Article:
Fighting for his Dreams: Piaras McGarry Trying to Make it as Mixed Martial Artist in America
BY MICHAEL DESANTIS
Piaras McGarry was fresh out of college in May, 2017 after earning his degree in engineering. He was set for a stable job as an engineer in Northern Ireland that he says would have become a very lucrative job once he built tenure. However, something didn’t feel right to him.
McGarry, 22 years old and well over six feet tall and 205 pounds, says he thought about how his future would look. Despite it including a reliable source of income, he didn’t want to spend his whole life working a 9 a.m. to 5 p.m. job.
“I was being led down a path in life that I didn’t want to go down,” McGarry says in his thick North Irish accent.
Instead, he looked towards his passion: mixed martial arts. He fell in love with the sport after watching a friend compete and vowed to become a fighter himself. McGarry then decided to put life as an engineer on hold in order to dedicate his time to training.
He also wanted to find the best training he could. And in order to do that, he said goodbye to his parents, grandparents and two younger siblings and left his life in Northern Ireland behind for Brooklyn. McGarry, now a Sunset Park resident, knew the risks that came with his decision, both financial and physical.
One month after graduating college and with a lifetime desk job staring him in the face, he sold most everything he had and hopped on a plane. He felt that if you can make it in New York, you can make it anywhere.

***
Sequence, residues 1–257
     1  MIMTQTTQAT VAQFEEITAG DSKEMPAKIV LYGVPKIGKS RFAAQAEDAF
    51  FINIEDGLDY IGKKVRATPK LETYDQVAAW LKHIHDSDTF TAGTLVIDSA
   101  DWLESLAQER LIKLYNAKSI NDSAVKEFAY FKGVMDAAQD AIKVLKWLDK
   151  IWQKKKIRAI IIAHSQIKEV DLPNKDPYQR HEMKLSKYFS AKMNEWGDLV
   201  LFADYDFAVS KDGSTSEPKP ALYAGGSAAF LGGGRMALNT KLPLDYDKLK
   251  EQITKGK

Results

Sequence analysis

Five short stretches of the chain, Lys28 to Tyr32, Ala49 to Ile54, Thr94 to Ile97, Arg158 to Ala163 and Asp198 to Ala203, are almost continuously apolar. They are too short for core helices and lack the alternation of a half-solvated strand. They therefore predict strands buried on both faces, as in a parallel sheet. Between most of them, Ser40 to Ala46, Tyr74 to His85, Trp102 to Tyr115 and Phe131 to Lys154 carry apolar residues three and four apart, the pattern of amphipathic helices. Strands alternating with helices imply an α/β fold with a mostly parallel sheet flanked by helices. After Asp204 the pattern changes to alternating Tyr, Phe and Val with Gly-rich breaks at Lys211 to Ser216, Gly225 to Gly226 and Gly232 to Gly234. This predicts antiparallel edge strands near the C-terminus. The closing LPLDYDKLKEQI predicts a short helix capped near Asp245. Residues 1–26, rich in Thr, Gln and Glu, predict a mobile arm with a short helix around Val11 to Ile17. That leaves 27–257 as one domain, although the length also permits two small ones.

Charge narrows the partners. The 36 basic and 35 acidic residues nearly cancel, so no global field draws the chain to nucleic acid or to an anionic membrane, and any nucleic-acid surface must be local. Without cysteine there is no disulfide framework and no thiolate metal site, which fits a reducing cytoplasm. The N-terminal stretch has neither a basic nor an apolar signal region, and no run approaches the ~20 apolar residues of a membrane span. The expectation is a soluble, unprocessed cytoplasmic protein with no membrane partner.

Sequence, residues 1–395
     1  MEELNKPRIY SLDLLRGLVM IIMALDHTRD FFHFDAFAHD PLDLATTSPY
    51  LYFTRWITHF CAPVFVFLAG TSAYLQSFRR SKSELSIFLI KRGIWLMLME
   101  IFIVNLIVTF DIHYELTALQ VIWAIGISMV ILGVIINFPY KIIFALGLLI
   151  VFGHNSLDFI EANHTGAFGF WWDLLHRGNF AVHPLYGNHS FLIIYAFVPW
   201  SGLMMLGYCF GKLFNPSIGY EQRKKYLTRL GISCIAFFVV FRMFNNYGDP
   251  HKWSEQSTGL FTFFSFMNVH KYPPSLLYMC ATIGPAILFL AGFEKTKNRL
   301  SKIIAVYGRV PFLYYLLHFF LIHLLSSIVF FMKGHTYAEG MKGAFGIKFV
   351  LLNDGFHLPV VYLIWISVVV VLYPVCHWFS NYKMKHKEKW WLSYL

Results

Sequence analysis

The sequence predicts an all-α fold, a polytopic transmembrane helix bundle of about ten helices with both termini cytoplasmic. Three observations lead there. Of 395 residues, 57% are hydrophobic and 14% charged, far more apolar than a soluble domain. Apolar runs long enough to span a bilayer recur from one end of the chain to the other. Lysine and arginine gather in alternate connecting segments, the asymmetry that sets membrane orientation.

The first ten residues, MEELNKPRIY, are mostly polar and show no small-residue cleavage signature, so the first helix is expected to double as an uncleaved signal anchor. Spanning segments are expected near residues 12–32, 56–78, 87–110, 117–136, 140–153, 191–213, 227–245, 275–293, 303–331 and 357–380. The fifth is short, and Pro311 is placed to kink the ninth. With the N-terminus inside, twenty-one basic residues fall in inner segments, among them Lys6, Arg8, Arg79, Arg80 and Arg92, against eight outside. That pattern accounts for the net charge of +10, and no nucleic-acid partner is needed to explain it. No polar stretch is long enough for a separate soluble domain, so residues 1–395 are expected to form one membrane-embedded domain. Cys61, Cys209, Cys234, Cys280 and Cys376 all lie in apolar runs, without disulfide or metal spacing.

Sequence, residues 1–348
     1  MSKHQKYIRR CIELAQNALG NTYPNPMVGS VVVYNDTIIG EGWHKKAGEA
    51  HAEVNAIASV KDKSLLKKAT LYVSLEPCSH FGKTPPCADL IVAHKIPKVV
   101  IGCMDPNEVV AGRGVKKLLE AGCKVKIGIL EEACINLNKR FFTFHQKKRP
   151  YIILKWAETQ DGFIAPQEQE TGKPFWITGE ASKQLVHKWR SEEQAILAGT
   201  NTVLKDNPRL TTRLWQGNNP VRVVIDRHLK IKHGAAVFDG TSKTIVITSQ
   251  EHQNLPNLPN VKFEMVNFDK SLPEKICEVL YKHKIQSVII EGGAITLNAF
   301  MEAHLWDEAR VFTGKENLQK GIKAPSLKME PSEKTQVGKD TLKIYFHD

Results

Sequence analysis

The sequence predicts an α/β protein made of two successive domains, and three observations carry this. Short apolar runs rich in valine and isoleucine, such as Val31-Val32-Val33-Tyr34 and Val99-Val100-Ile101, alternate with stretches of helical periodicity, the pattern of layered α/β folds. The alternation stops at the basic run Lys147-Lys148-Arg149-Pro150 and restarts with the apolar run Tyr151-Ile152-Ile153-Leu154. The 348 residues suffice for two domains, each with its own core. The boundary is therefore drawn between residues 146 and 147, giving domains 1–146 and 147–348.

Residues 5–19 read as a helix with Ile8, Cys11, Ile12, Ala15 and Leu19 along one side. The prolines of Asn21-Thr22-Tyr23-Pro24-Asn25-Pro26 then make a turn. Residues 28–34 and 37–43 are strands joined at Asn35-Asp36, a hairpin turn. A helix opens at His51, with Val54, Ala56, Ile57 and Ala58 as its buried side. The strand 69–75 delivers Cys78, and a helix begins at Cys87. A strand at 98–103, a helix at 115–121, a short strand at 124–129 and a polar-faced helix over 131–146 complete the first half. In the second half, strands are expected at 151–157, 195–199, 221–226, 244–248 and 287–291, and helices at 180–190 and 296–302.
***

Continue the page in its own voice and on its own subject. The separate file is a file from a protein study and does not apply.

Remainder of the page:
It didn’t come easy.
McGarry entered the United States as an immigrant with no bank account. He used what money he had to rent an apartment in Bushwick for $1,200 per month with a friend who had made the journey from Northern Ireland with him. They had no air-conditioning and shared a double blow-up mattress.
He and his friend took on work at a bar in order to make a profit. Unfortunately, the bar was failing. The Northern Irish duo was not compensated for their week’s worth of work by the owner.
McGarry’s fortunes changed soon after. He noticed a man outside the bar wearing a green shirt and hard hat. McGarry approached the man about a job. The two hit it off, which led to McGarry being hired as a project manager at FitzCon Construction.
There, he works from 7 a.m. to 5 p.m. Monday through Friday. He then goes to training every night but Wednesday from 6 to 9 p.m. He also trains for four hours on Saturday mornings. The 14-hour days are a lot of work, but McGarry says it’s worth it to pursue his dream of becoming a champion.
However, financially making it as a mixed martial artist is no easy feat. As an amateur fighter, McGarry is not compensated for fights. Only once a fighter turns professional do MMA organizations begin to pay them. But most amateurs feel the need to rack up roughly a dozen fights in order to gain the experience needed to perform well against professional competition.
Even then, professionals with only a handful of fights to their records don’t get paid more than about $1,500 per bout, according to multiple fighters at that level. They’ve says MMA can be a very financially risky sport to compete in.
The Ultimate Fighting Championship, the largest and highest-paying MMA organization, in which most fighters strive to compete, doesn’t pay more than $25,000 to those just starting out.